Nor can we regard the fact that there is but a limited demand in Missouri for the legal education of negroes as excusing the discrimination in favor of whites. . . .

Here, petitioner's right was a personal one. It was as an individual that he was entitled to the equal protection of the laws, and the State was bound to furnish him within its borders facilities for legal education substantially equal to those which the State there afforded for persons of the white race, whether or not other negroes sought the same opportunity.

It is urged, however, that the provision for tuition outside the State is a temporary one—that it is intended to operate merely pending the establishment of a law department for negroes at Lincoln University. While, in that sense, the discrimination may be termed temporary, it may nevertheless continue for an indefinite period by reason of the discretion given to the curators of Lincoln University and the alternative of arranging for tuition in other States, as permitted by the state law as construed by the state court, so long as the curators find it unnecessary and impracticable to provide facilities for the legal instruction of negroes within the State. In that view, we cannot regard the discrimination as excused by what is called its temporary character.

We are of the opinion that the ruling was error, and that petitioner was entitled to be admitted to the law school of the State University in the absence of other and proper provision for his legal training within the State.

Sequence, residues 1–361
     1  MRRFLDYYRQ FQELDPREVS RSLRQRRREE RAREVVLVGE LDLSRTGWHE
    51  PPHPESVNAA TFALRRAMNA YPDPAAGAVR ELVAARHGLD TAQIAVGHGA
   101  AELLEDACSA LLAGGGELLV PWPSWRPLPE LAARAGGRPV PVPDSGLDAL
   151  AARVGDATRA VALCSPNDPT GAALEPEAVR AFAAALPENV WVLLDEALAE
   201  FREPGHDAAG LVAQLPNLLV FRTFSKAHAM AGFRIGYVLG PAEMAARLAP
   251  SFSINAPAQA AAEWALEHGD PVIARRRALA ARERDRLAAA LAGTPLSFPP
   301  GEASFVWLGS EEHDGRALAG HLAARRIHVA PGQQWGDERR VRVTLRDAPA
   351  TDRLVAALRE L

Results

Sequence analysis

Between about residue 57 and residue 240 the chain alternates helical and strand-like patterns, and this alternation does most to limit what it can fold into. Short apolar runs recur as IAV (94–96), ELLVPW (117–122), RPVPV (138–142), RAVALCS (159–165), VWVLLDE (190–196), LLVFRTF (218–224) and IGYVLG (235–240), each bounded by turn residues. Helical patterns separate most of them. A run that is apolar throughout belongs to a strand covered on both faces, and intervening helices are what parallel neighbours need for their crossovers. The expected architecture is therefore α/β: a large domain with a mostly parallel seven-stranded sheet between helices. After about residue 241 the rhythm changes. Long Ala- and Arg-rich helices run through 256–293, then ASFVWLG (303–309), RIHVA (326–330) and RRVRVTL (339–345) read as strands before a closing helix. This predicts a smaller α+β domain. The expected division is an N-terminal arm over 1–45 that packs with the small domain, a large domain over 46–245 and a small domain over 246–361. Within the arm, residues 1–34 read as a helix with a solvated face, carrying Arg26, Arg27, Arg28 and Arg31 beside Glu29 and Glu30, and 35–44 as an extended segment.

The judgment of the Supreme Court of Missouri is reversed, and the cause is remanded for further proceedings not inconsistent with this opinion.


Separate opinion of MR. JUSTICE McREYNOLDS.

Considering the disclosures of the record, the Supreme Court of Missouri arrived at a tenable conclusion, and its judgment should be affirmed. That court well understood the grave difficulties of the situation, and rightly refused to upset the settled legislative policy of the State by directing a mandamus.

In Cummming v. Richmond County Board of Education [1899], this Court, through Mr. Justice Harlan, declared:

The education of the people in schools maintained by state taxation is a matter belonging to the respective States, and any interference on the part of Federal authority with the management of such schools cannot be justified except in the case of a clear and unmistakable disregard of rights secured by the supreme law of the land.

For a long time, Missouri has acted upon the view that the best interest of her people demands separation of whites and negroes in schools. Under the opinion just announced, I presume she may abandon her law school, and thereby disadvantage her white citizens without improving petitioner's opportunities for legal instruction; or she may break down the settled practice concerning separate schools and thereby, as indicated by experience, damnify both races. Whether by some other course it may be possible for her to avoid condemnation is matter for conjecture.

The State has offered to provide the negro petitioner opportunity for study of the law—if perchance that is the thing really desired—by paying his tuition at some nearby school of good standing. This is far from unmistakable disregard of his rights, and, in the circumstances, is enough to satisfy any reasonable demand for specialized training. . . .

Mr. Justice BUTLER concurs in the above views.